Interview: Sandra Mae Lux


Interview: Sandra Mae Lux

Musical Roots and Early Influences:

Can you share more about your musical upbringing in Steveston, Vancouver? Were there specific local influences that shaped your early musical experiences?

I was very lucky to have quite an idyllic upbringing.  Steveston is a pretty quaint fishing village close to Vancouver (Canada). Growing up my brother and I would ride our bikes and rollerblade, climb trees, explore, go on adventures…the things that being a kid is all about!  One of my neighbours was my piano teacher, so I used to walk to my piano lessons around the corner from the age of 6.  At the age of 11 I took up saxophone, and by the time I went to high school I was already in the city’s honour youth concert band and jazz band. I was also lucky to have a wonderful private saxophone teacher from the age of 11. She really inspired me, and definitely had to explain to my mom that I did indeed have a natural talent that most kids didn’t at that age.  I’m not sure I would still be playing sax were it not for her!

Musical Inspiration:

Les Miserables left a profound impact on you at a young age. Can you recall any specific moments or songs from the production that inspired you to pursue a career in music?

Yes!  When Cosette sang “Castle On A Cloud” I was completely mesmerised!  It was such a beautiful rendition, and she had such a sweet voice.  I also loved it when the whole cast broke into “Do You Hear The People Sing.”  There was so much energy, and the song was so catchy! I was totally hooked.  I knew from that moment that music would be a part of my life forever. 

Artistic Journey:

You mentioned that artists are born artists. Could you elaborate on your personal journey in answering the call to become an artist and the challenges you faced along the way?

The funny thing about being called to do something, is that people think it’s the easy path.  Actually, answering your call can be incredibly challenging; but it’s those challenges along the way that help you grow and evolve as an artist, and a human being. I knew that music would be my life from a very early age, but I still don’t know the whole of that musical journey and where it will lead.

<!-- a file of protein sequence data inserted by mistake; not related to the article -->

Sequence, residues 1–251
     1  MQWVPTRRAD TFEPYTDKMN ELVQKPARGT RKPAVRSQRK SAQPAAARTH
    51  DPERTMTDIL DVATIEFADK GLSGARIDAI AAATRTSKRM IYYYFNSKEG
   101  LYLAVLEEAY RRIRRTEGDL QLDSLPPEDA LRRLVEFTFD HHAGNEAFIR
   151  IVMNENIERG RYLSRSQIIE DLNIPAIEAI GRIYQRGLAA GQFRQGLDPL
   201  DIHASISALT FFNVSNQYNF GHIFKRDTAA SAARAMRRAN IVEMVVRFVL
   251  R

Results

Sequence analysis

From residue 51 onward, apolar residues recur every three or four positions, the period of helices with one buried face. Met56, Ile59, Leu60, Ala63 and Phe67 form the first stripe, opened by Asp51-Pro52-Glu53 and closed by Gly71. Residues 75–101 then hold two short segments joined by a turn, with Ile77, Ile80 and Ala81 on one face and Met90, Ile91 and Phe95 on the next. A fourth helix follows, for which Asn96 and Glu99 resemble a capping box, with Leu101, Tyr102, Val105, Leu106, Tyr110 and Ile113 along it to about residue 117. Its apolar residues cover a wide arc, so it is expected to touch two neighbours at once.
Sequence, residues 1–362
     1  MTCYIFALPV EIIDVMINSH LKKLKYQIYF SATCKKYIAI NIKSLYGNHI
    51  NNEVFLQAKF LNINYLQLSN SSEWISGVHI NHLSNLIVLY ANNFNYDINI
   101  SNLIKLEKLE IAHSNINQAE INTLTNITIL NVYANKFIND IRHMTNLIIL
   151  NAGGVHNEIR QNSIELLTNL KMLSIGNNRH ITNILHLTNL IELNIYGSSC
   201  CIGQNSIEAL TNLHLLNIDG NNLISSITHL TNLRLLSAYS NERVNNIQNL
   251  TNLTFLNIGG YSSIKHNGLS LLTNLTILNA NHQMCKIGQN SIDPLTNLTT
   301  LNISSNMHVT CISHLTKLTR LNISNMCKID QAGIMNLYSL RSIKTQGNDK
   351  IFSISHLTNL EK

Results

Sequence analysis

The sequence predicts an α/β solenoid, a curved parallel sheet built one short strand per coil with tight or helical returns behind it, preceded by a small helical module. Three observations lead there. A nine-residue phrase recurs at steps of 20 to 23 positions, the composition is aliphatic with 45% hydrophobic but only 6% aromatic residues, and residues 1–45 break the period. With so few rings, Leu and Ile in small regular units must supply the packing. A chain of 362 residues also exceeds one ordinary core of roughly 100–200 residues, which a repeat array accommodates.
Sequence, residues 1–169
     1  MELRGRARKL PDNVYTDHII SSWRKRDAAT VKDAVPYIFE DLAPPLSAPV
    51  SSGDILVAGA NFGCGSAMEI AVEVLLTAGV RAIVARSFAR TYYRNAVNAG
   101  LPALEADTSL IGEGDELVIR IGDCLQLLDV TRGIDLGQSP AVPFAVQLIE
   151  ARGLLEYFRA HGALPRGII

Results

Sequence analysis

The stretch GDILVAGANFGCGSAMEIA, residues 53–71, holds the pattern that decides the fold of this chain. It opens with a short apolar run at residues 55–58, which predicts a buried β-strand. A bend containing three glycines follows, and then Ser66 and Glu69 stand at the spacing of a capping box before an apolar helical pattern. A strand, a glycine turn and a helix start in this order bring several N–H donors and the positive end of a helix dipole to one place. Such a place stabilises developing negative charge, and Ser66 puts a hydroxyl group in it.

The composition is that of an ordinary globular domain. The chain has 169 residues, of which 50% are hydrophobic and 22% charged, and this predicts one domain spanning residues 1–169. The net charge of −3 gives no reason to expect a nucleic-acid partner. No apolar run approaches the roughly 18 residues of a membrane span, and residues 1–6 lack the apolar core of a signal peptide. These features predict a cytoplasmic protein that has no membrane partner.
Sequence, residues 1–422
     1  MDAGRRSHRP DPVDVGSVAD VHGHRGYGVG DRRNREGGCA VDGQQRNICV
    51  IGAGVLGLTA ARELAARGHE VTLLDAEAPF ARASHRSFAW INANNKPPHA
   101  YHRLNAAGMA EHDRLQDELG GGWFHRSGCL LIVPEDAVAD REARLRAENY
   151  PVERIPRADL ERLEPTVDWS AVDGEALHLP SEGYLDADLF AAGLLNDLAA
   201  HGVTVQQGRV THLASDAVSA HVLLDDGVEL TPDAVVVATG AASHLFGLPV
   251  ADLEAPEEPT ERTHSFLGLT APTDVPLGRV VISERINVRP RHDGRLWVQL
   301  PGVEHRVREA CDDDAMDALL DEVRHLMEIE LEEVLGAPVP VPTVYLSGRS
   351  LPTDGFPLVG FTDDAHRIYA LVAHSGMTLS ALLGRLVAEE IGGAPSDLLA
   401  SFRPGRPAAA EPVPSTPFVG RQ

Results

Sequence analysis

As a very bullied teenager in elementary and high school, music and the arts literally saved my life. Music for me, especially in high school, was an escape from all of that bullying. It was my safe place, my haven, a place where I could express my authentic self, knowing that I wouldn’t be judged or made fun of. 

I had a real crossroads moment in high school.  My mom was really pressuring me to become a nurse like she had, because it was “safe, secure, and you get a good pension.”  I had even applied to a few nursing schools, but it just didn’t feel right.  

I had the most extraordinary high school music teacher named Jeremy Hepner. He was so wonderfully encouraging and nurturing of my musical journey.  One day, he took me aside and said “Sandra-Mae, you don’t pursue music. Music pursues you. It’s a calling. You either answer that call now when you’re young, or it keeps bugging you for the rest of your life until you do.”  Were it not for Jeremy, I probably wouldn’t be here.

Music Style Evolution:

Your music is described as an upbeat fusion of soul, disco, MOR, pop, and jazz elements. How has your style evolved over the years, and what led you to incorporate these diverse influences into your sound?

I was very lucky that a lot of my parent’s friends and family members had fantastic taste in music, and big record collections! So all of that soul, jazz, funk, R&B and classical music that was playing in the house when I was growing up absolutely influenced and inspires me to this day.  Artists like Etta James, Otis Redding, US3, Amy Winehouse, Stevie Wonder, The Doobie Brothers, Steely Dan, Donny Hathaway, Diana Krall, D’Angelo, Ella Fitzgerald, Frank Sinatra have all greatly influenced me.  And as a sax player, I was very inspired by the playing of Dexter Gordon, Stan Getz, Cannonball Adderly, and Paul Desmond.

Of course hearing all these incredible records from an early age makes that music just seeps into your soul! All artists I think, including me, are influenced and inspired by what they hear, and what music calls to them. All these phenomenal artists called to me, so that’s why my music sounds the way that it does. 

Songwriting Themes:

Your songs often explore themes related to traditional relationships. Can you delve deeper into the inspiration behind these “grown-up” themes and how they shape your songwriting process?

When we’re on social media, or watch TV, films, ads, etc. they’re mostly filled with “happy endings” only, when in reality real life really isn’t always like that.  Sometimes it’s the journey of being with someone for a limited amount of time that makes it all the more meaningful.  Does marriage really mean “‘till death do us part?” Should one always struggle through stoically in a relationship that isn’t working, or do some relationships have a natural “sell-by date” that should be observed to save both people a lot of pain?  There’s so much to be said for truly living in the moment.  It’s true of relationships, and true in all aspects of life. 

Stage Name Significance:

You mentioned that your stage name is essentially your own name. Is there a specific reason or significance behind using your real name as your stage persona?

Firstly, I think it’s a great name! It also has a great meaning: “helper of mankind.” 

I think a name is like a mask. I can “play” Sandra-Mae Lux the performer on stage, but then go home and play Sandra-Mae Lux the pyjama-ed bespectacled bookworm who goes to bed with herbal tea!

“Moment In The Sun”:

The track “Moment In The Sun” reflects a feeling of frustration and a desire for freedom. Could you share more about the creative process behind this particular song and the message you aimed to convey?